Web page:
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Peter Vedsted

Consultation frequency in general practice before cancer diagnosis in relation to the patient's usual consultation pattern: A population-based study

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Consultation frequency in general practice before cancer diagnosis in relation to the patient's usual consultation pattern : A population-based study. / Jensen, Henry; Vedsted, Peter; Møller, Henrik.

I: Cancer epidemiology, Bind 55, 01.08.2018, s. 142-148.

Publikation: Bidrag til tidsskrift/Konferencebidrag i tidsskrift /Bidrag til avisTidsskriftartikelForskningpeer review

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@article{34b585eff658434e85918f2087735e8e,
title = "Consultation frequency in general practice before cancer diagnosis in relation to the patient's usual consultation pattern: A population-based study",
abstract = "Background: Cancer patients who usually consult the general practitioner (GP) rarely are generally diagnosed with more advanced stages of cancer. This subgroup of cancer patients may thus postpone relevant healthcare seeking. Aim: We aimed to investigate the rates of daytime face-to-face consultations in general practice before a cancer diagnosis in patients with different categories of ‘usual’ consultation frequency. Material and methods: We conducted a population-based comparative study using register data on all 123,934 first-time cancer patients aged 50–90 years who were diagnosed in 2009–2013 in Denmark. Usual consultation rates were based on number of consultations from 19 to 36 months before cancer diagnosis. We predicted the marginal monthly consultation rates for up to 18 months before diagnosis. These were based on the estimated (mean) rates of consultations with corresponding 95{\%} confidence intervals (CIs), which were calculated by negative binomial regression analysis with robust variance estimation. Results: Patients with cancer began to increase their consultation frequency four to six months before their cancer diagnosis. The average monthly consultation rates varied slightly across usual consultation groups; rates were lowest among male ‘frequent’ consulters (0.28 (95{\%} CI: 0.27;0.29)) and highest among female ‘frequent’ consulters (0.35 (95{\%} CI: 0.34;0.37)). The additional number of consultations was 1–2 for all combinations of usual consultation frequency, sex, and cancer type (except for female breast cancer and ‘average’ consulters with lung or prostate cancer). Conclusion: Patients with cancer begin to increase their consultation frequency in general practice before a cancer diagnosis independently of their usual consultation frequency.",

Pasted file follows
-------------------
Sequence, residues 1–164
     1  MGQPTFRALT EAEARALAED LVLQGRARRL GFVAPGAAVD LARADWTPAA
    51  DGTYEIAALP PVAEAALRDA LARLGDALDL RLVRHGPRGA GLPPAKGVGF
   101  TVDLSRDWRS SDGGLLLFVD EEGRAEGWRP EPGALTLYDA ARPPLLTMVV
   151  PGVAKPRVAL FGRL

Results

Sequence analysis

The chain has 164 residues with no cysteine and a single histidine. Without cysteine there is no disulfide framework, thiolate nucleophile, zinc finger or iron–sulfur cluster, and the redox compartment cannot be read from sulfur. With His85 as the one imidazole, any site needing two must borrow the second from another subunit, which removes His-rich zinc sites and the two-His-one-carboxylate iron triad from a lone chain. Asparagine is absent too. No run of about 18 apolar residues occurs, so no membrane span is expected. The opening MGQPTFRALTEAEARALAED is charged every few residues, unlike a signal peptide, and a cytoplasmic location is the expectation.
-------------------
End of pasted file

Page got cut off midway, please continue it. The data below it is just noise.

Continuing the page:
keywords = "Delivery of health care, Denmark, Early diagnosis, General practice, Neoplasms",
author = "Henry Jensen and Peter Vedsted and Henrik M{\o}ller",
year = "2018",
month = "8",
day = "1",
doi = "10.1016/j.canep.2018.06.007",
language = "English",
volume = "55",
pages = "142--148",
journal = "Cancer Epidemiology",
issn = "1877-7821",
publisher = "Elsevier Inc",

}

RIS

TY - JOUR

T1 - Consultation frequency in general practice before cancer diagnosis in relation to the patient's usual consultation pattern

T2 - A population-based study

AU - Jensen, Henry

AU - Vedsted, Peter

AU - Møller, Henrik

PY - 2018/8/1

Y1 - 2018/8/1